Life remembered

Jeff Faulhaber, of Dubuque, stands with his wife, Judy Faulhaber (center), and children (from left) Lanie, Colin and Jesse.

On weekends, he offered to take his family shopping. He didn’t care for it, but he knew how much it meant to them.

He was not one to buy a lot of things. Working and getting things paid off was Jeff Faulhaber’s aim.

“He was so financially responsible it was ridiculous,” said his wife, Judy Faulhaber, of Dubuque. “He would joke about me and say, ‘If you had $1, you would spend $1.05.’”

But his family knew there were things that Jeff would enjoy and benefit from, especially after he got sick — a dog, a new recliner. His family would be the ones to purchase them.

“He would complain first and appreciate second,” said Jeff’s son, Colin.

Jeff died Sept. 30 from bile duct cancer at the age of 54.

He lived modestly and practically, teaching himself things that he didn’t know and making sure his family was cared for.

Jeff was born to Anthony and Carole Faulhaber on April 16, 1967. Anthony worked as a lineman at John Deere Dubuque Works, while Carole was a hairstylist and homemaker.

Jeff, at age 15, started fixing and restoring cars, helping his uncles, who were equally passionate.

He graduated from Dubuque Senior High School in 1985, whereupon he studied automotive repair at Northeast Iowa Community College.

Jeff met Judy Steil in 1991 at West Dubuque Tap, where Judy’s sister Kathy Steil worked.

Jeff had been biking all year, and Judy took note of his muscular frame. He enjoyed having fun. Judy also admired that Jeff respected his mother, whom he chatted with daily.

Jeff and Judy went on their first date that weekend at the Dubuque Catfish Festival.

They married on New Year’s Eve in 1994. It snowed almost 3 inches that day. The sun came out of the clouds, and the crystalline landscape glistened.

They had three children: Colin, Jesse and Lanie.

Around the pool that Jeff constructed with his brother, they turned summer Sundays into “Fundays,” grilling out and listening to music.

The family took trips to the Wisconsin Dells and went camping.

Jeff believed in having fun, yet after he started running his own businesses, including Faulhaber Auto Body, he had a hard time adjusting to time away from work.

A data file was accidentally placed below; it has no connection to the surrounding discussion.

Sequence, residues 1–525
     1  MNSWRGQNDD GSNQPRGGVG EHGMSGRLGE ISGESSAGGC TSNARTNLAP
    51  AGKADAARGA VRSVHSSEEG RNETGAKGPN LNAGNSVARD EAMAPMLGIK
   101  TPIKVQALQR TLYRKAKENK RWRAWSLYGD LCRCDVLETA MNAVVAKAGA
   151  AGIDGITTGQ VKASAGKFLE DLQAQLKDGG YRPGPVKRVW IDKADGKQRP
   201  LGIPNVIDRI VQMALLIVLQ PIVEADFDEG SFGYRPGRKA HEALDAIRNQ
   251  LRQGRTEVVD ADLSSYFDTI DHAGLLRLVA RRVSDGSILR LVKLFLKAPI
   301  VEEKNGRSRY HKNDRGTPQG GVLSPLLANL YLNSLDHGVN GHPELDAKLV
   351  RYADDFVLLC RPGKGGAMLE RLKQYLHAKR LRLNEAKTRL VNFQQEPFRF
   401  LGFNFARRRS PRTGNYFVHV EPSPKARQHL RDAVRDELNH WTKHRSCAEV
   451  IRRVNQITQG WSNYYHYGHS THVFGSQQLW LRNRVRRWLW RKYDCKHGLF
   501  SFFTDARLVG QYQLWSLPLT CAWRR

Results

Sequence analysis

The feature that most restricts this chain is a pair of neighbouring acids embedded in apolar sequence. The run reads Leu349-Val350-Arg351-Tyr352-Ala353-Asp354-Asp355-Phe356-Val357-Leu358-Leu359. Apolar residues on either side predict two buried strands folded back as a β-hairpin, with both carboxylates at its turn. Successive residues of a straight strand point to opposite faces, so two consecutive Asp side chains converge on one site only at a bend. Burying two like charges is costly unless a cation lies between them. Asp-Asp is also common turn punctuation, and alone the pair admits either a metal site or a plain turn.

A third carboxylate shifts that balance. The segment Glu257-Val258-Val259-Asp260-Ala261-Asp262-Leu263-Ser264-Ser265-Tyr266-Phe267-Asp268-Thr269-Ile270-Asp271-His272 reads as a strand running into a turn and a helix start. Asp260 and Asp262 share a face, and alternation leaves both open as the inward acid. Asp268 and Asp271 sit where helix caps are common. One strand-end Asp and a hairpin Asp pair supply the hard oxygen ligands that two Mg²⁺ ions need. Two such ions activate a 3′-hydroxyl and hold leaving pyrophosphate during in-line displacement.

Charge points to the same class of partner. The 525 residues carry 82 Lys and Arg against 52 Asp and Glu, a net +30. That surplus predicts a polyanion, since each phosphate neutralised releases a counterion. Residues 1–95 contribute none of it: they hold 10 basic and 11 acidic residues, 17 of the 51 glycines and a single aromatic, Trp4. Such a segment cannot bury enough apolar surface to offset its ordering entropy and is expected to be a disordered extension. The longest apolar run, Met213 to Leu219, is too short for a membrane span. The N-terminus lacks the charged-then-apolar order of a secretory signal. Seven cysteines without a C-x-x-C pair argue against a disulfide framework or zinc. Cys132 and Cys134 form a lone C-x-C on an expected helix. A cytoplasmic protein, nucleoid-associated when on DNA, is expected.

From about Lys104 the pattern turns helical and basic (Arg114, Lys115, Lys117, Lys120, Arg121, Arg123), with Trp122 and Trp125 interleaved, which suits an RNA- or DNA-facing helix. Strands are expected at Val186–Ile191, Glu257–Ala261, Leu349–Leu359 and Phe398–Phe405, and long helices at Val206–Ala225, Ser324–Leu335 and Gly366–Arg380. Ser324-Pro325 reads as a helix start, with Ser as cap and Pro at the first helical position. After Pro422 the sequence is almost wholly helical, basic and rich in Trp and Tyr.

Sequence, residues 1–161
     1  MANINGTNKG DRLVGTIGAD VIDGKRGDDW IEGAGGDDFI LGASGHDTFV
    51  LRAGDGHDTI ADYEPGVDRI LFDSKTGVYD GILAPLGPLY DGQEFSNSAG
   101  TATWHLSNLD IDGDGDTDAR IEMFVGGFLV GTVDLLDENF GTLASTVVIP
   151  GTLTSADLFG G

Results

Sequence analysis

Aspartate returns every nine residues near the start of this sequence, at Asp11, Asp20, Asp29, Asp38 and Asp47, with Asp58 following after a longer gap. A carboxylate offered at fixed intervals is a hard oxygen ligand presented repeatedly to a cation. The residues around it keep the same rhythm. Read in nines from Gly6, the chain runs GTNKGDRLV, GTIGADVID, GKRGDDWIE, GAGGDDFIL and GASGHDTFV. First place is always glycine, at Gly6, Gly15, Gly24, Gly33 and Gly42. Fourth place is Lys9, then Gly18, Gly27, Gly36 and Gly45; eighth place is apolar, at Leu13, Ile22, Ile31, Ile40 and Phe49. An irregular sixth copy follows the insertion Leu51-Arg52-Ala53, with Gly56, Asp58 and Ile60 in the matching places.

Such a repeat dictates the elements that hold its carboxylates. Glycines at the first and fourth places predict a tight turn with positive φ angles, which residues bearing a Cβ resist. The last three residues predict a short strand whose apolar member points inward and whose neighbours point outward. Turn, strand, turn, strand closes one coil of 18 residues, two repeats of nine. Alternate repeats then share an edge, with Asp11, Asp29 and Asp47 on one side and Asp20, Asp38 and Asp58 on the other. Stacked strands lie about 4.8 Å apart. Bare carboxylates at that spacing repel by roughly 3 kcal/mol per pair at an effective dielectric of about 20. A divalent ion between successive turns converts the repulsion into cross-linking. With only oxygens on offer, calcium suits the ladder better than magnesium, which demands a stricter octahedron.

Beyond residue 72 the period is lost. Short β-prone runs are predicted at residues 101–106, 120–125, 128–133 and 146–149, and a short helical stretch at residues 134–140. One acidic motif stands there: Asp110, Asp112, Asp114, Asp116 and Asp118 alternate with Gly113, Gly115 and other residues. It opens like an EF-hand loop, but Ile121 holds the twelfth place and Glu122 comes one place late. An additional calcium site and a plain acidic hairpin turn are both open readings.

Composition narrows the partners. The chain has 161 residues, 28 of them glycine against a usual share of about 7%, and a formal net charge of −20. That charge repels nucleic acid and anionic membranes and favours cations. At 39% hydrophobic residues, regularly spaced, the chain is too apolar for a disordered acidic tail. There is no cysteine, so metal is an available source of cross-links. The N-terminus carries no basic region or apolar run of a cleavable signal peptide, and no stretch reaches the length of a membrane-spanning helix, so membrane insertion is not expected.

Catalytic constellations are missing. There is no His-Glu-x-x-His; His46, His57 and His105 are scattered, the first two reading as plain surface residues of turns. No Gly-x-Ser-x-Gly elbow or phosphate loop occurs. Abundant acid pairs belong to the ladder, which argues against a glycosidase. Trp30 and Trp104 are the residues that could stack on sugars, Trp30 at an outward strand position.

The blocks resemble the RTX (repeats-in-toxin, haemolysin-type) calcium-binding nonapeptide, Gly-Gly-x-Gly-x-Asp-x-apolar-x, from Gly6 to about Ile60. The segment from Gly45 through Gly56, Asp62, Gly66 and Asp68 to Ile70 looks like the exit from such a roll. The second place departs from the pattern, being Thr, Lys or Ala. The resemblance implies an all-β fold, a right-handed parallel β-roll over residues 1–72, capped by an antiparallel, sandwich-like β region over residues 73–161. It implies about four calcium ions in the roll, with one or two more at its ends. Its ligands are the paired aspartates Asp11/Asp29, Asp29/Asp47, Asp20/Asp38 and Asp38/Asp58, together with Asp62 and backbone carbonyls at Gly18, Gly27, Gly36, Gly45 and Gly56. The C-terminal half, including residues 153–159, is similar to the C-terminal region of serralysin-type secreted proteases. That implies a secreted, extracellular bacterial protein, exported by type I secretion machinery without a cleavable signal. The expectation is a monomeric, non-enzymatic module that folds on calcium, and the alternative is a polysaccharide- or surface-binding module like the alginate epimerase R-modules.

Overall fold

He second-guessed himself. Unable to sleep, Jeff took late-night drives or walks.

When the opportunity to purchase Big Apple Bagels arose in 2000, Judy was excited and scared at the prospect.

“I’m not,” Jeff said. “You’ll do fine.”

Jeff would open the store at 4:30 a.m., then report to his full-time job at Mike Finnin Ford before returning to Big Apple to make dough in the evening.

“I don’t think he wanted to run a bagel business,” Judy said. “He would have done anything for me.”

Jeff’s generosity generally went unspoken. After a Big Apple employee wrecked her car, he lent her one of his own, while he fixed hers for free.

Jeff was a workaholic and meticulous almost to a fault, Judy said.

He took the hard jobs and kept working until three weeks before he died, periodically resting his head on his toolbox. He did not want other people completing his handiwork.

In the late 1990s, Jeff purchased a 1954 Chevrolet Corvette with the intention of restoring it. He repaired the vehicle when he had time and kept ordering parts. Each time the family moved, the car followed. Jeff’s cousin volunteered to complete the endeavor.

Despite working in the auto industry, Jeff drove a 1999 Honda Accord. He fixed wrecked vehicles, so buying new was out of the question.

Jeff retained what he called “useless knowledge,” particularly for world history, cars and music.

He tuned into the “Bob & Tom Show” as he drove Lanie to school each morning.

“Dad, can we just listen to music today?” she asked.

“What if something’s going on? Then, I’ll miss it,” he responded.

Jeff underwent surgery the night of his 25th wedding anniversary. He had been feeling pain in his stomach and visited the emergency room.

His bile duct was clogged, and he had developed pancreatitis. A 12-hour surgery was followed by five months of chemotherapy.

“It hurt him really bad. He was very sad and very scared,” Judy said. “It’s hard seeing your husband and dad like that, so vulnerable when you’re used to seeing somebody so strong that could conquer anything.”

Jeff tried to stay positive, but the last few months of his life, he knew his health was not improving.

“He told the nurse that he was very much ready to go, but he knew his family was not ready to let go yet,” Judy said.

The day Jeff died, he lay in his recliner in the living room.

“Who’s here?” he whispered. “Who’s here?”

Judy was there holding his hand. So were the kids, Kathy, Jeff’s mom and his family and Jeff’s Goldendoodle, Ruby.

“This is perfect,” Jeff said. “This is just perfect.”

“And he died five seconds later,” Judy said. “It was the most beautiful goodbye.”

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